Saturated Solution

Introduction:

Saturation, any of several physical or chemical conditions defined by the existence of an equilibrium between pairs of opposing forces or of an exact balance of the rates of opposing processes. 

Common saturated solution examples include the condition of a solution left in contact with the pure undissolved solvent until there is no further change in solution concentration, and the state of a vapor equally left in contact with the substance's pure solid or liquid form.

The water is saturated in the first case, when the rate at which the pure substance dissolves to join the solution in the solvent is precisely equal to the rate at which the dissolved substance exits the solution (e.g. by crystallizing).

The rate at which the completely condensed (liquid or solid) substance vaporizes in the second example is exactly the rate at which the vapour condenses.

A saturated solution or vapor contains the greatest concentration of a dissolved or vaporized substance that can be obtained under specified pressure and temperature conditions. While supersaturation (a condition in which concentration reaches the equilibrium value) can be brought on in certain situations, these solutions or vapors are unstable and spontaneously return to the saturated state.


Factors Affecting Saturated Solution:

The amount of solute that can be dissolved to form a saturated solution in a solvent depends on a variety of factors. The most prominent considerations are:

Temperature: With temperature, the solubility decreases. For example, salt can be dissolved in hot water much more than in cold water.

Pressure: Increasing pressure in solution can force more solute. This is widely used to remove liquid gases.

Chemical Composition: Solubility affects the nature of the solute and solvent and the involvement of other contaminants in a solution. For instance, in water, you can dissolve much more sugar than salt. Ethanol and water are mutually completely soluble.


Types of Saturation:

When solid solute (substance or particles) and liquid solvent are mixed, the only possible reactions are dissolution and crystallization.

There are three types of saturation. They are:

  • Saturated Solution

  • Unsaturated Solution

  • Supersaturated Solution


Saturated Solution Definition

A solution with a solvent which dissolves until it can no longer dissolve, leaving the undissolved substances to the bottom

Unsaturated Solution Definition 

A solvent (with less solute than the saturated solution) that dissolves completely, leaving no residual substances.

Supersaturated Solution Definition

A solution (with more solute than saturated solution) that includes more undissolved solute than saturated solution owing to its crystallization and precipitation propensity.


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How to Make a Saturated Solution

There's more than one way to make the saturated solution. You may be able to prepare it from scratch, saturate an unsaturated solution, or cause a supersaturated solution to remove any product.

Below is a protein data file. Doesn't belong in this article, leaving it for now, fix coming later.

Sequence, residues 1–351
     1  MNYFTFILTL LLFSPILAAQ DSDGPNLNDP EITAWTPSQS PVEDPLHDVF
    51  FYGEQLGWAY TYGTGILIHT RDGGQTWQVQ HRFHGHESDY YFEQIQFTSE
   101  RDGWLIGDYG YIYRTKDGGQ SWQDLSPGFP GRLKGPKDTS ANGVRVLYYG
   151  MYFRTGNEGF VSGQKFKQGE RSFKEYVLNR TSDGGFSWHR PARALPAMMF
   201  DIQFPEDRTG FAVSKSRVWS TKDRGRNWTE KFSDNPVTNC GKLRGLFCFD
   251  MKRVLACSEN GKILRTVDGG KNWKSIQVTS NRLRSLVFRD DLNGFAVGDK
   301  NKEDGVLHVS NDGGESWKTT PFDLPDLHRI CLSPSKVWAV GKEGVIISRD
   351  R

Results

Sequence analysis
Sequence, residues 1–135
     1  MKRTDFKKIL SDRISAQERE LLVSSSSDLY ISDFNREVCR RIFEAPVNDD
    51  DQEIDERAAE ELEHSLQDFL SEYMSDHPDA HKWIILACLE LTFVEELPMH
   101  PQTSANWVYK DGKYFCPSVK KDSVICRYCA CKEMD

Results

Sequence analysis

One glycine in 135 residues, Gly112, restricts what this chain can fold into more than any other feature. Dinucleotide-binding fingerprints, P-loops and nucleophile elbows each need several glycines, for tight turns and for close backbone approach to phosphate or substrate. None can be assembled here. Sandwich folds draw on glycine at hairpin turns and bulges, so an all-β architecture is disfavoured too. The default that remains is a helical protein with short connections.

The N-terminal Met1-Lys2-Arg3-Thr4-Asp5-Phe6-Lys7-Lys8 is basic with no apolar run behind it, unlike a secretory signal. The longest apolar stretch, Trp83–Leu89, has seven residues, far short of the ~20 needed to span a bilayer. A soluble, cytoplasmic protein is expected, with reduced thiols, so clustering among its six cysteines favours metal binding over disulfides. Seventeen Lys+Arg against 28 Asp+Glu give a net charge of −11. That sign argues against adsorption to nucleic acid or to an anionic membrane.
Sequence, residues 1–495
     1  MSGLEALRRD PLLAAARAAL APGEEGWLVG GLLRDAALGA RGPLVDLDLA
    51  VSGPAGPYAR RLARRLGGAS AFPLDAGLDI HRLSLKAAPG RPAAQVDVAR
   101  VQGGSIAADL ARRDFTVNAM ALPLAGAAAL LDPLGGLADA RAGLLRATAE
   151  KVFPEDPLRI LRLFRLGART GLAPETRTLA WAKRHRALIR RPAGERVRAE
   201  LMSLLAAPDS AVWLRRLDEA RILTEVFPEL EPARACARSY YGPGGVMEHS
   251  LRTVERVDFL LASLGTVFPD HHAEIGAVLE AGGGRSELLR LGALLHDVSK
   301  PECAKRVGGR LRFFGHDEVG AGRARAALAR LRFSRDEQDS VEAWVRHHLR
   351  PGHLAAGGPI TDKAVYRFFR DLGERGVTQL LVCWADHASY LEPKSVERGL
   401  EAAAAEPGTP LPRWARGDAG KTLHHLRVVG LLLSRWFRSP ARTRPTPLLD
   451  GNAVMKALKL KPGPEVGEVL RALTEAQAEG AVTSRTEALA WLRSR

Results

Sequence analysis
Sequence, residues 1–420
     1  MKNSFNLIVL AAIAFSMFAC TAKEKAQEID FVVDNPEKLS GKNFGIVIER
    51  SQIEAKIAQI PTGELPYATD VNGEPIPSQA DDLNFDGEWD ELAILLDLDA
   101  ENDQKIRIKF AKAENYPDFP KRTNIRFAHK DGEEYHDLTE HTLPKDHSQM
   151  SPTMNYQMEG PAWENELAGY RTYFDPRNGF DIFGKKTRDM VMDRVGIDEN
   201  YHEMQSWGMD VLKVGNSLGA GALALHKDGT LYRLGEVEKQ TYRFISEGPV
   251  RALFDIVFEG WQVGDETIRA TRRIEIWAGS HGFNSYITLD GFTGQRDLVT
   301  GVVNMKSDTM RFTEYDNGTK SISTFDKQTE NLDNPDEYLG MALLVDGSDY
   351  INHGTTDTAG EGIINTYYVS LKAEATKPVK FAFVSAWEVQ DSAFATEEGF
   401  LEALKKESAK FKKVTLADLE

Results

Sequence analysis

Until it stops dissolving, add solute to the liquid.

Evaporate the solvent until it becomes saturated from the solution. Once the solution begins to crystallize or precipitate it will saturate the solution.

Add a seed crystal to a super - saturated solution so that extra solvent will grow onto the crystal, leaving the solution saturated.


Examples of Saturated Solutions

  • Soda is a source containing soluble carbon dioxide in water. Therefore carbon dioxide gas produces bubbles when the pressure is released.

  • Adding chocolate powder to milk produces a saturated solution so it prevents dissolving.

  • When molten butter or oil, salt can be applied to the stage where the salt grains avoid dissolving and create a saturated solution.

  • A saturated solution can be produced if you give sufficient sugar to your coffee or tea. You'll know when the sugar starts dissolving, you've reached the saturation point. Hot tea or coffee helps you absorb a lot more sugar than you can add to a cold drink.

  • To form a saturated solution, sugar can be applied to the vinegar.

Therefore, these are everyday examples of saturated solutions.

FAQ (Frequently Asked Questions)

1. What is a Saturated Solution Example?

Soda is a paste in water that contains condensed carbon dioxide. Adding chocolate powder to milk produces a saturated solution so it avoids dissolution. Salt may be applied to melting butter or oil to the extent that the salt grains resist dissolving, creating a saturated solution.

2. What are Saturated and Unsaturated Solutions?

The solution is said to be saturated when the solvent saturation point is reached and no more solute dissolves. An unsaturated solution is a solution that includes less than the full dissolvable amount of solute.

3. What are the 3 Types of Solutions?

There are three types of solutions that can take place in your body depending on the concentration of solute: isotonic, hypotonic, and hypertonic.

4. What Happens when a Saturated Solution is Heated?

If a saturated solution is heated, it becomes unsaturated as solubility on heating increases.